As soon as my eyes have fallen upon, and certainly recognized him, by a double impulse I draw back behind the curtain of the box, and look at Roger. He, too, has seen him; I can tell it in an instant by his face, and by the expression of his eyes, as they meet mine. I try to look back unflinchingly, indifferently, at him. I would give ten years of my life for an unmoved complexion, but it is no use. Struggle as I will against it, I feel that rush, that torrent of vivid scarlet, that, retiring, leaves me as white as my gown. Oh! it is hard, is not it, that the lying changefulness of a deceitful skin should have power to work me such hurt?
“Are you faint?” Roger asks, bending toward me, and speaking in a low and icy voice; “shall I get you a glass of water?”
“No, thank you!” I reply, resolutely, and with no hesitation or stammer in my tone, “I am not at all faint.”
But, alas! my words cannot undo what my false cheeks, with their meaningless red and their causeless white, have so fully done.
The season is over now; every one has trooped away from the sun-baked squares, and the sultry streets of the great empty town. I have never done a season before, and the heat and the late hours have tired me wofully. Often, when I have gone to a ball, I have longed to go to bed instead. And, now that we are home again, it would seem to me very pleasant to sit in leisurely coolness by the pool, and to watch the birth, and the prosperous short lives, of the late roses, and the great bright gladioli in the garden-borders. Yes, it would have seemed very pleasant to me—if—(why is life so full of ifs? “Ifs” and “Buts,” “Ifs” and “Buts,” it seems made up of them! Little ugly words! in heaven there will be none of you!)—if—to back and support the outward good luck, there had been any inward content. But there is none! The trouble that I took with me to London, I have brought back thence whole and undiminished.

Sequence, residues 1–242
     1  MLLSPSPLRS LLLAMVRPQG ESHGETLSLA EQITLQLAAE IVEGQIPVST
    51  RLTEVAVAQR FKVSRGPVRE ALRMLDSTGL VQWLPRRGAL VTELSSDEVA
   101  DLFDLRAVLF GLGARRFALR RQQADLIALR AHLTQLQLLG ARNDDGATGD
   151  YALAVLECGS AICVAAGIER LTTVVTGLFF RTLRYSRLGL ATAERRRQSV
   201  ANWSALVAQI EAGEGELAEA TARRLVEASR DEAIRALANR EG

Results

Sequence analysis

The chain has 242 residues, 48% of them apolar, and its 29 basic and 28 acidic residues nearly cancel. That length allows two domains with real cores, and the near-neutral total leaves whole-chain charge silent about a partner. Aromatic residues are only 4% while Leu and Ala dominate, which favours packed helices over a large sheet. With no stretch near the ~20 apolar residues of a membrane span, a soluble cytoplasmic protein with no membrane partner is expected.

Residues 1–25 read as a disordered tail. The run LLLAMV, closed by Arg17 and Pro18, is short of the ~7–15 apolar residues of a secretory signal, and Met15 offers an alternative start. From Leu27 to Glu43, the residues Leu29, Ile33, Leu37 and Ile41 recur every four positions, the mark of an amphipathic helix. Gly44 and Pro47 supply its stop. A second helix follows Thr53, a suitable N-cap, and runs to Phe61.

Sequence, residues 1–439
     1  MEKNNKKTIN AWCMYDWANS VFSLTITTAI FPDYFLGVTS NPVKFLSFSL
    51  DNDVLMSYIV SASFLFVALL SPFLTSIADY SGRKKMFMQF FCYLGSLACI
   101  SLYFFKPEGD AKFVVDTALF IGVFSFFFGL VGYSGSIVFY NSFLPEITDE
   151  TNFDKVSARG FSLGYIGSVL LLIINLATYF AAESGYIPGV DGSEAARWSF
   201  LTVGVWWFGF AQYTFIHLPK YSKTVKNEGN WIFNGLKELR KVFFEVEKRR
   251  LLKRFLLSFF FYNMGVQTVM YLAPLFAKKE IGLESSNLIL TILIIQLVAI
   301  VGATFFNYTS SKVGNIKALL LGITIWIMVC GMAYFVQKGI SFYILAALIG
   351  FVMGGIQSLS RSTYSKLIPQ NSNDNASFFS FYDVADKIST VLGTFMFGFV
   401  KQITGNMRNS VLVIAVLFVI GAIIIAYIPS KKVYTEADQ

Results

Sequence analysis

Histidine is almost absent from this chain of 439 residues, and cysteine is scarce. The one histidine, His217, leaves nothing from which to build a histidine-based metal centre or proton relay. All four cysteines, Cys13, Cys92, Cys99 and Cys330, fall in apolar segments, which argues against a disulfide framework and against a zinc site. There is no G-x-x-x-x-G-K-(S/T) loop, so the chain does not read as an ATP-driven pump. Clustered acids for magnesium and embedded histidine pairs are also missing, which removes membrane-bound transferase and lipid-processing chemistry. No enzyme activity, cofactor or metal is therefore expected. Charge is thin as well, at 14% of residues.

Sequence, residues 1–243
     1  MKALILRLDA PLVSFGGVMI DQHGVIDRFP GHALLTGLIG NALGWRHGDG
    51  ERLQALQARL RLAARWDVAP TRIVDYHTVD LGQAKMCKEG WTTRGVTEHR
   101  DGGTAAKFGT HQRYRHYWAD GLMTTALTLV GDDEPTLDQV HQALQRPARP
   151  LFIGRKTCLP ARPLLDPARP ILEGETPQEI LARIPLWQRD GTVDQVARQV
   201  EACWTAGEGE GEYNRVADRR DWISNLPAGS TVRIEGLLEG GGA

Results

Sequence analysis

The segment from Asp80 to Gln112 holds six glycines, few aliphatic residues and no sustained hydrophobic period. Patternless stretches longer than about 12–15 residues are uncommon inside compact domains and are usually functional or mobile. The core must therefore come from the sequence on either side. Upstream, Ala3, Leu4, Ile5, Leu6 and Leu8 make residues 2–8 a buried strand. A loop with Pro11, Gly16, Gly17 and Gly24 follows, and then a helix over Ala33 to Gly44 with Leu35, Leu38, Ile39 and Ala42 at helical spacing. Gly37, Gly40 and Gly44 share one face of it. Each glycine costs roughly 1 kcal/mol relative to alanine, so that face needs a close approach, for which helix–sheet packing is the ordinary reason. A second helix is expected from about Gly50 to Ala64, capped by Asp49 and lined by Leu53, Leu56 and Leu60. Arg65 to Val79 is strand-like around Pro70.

“It is September now; so far has the year advanced! We are well into the partridges. Their St. Bartholomew has begun. Roger is away among the thick green turnip-ridges and the short white stubble all the day. I wish to Heaven that I could shoot, too, and hunt. It would not matter if I never killed any thing—indeed, I think—of the two—I had rather not; I had rather have a course of empty bags and blank days than snuff out any poor, little, happy lives; but the occupation that these amusements would entail would displace and hinder the minute mental torments I now daily, in my listless, luxurious idleness, endure. I am thinking these thoughts one morning, as I turn over my unopened letters, and try, with the misplaced ingenuity and labor one is so apt to employ in such a case, to make out from the general air of their exteriors—from their superscriptions—from their post-marks, whom they are from. About one there is no doubt. It is from Barbara. I have not heard from Barbara for a fortnight or three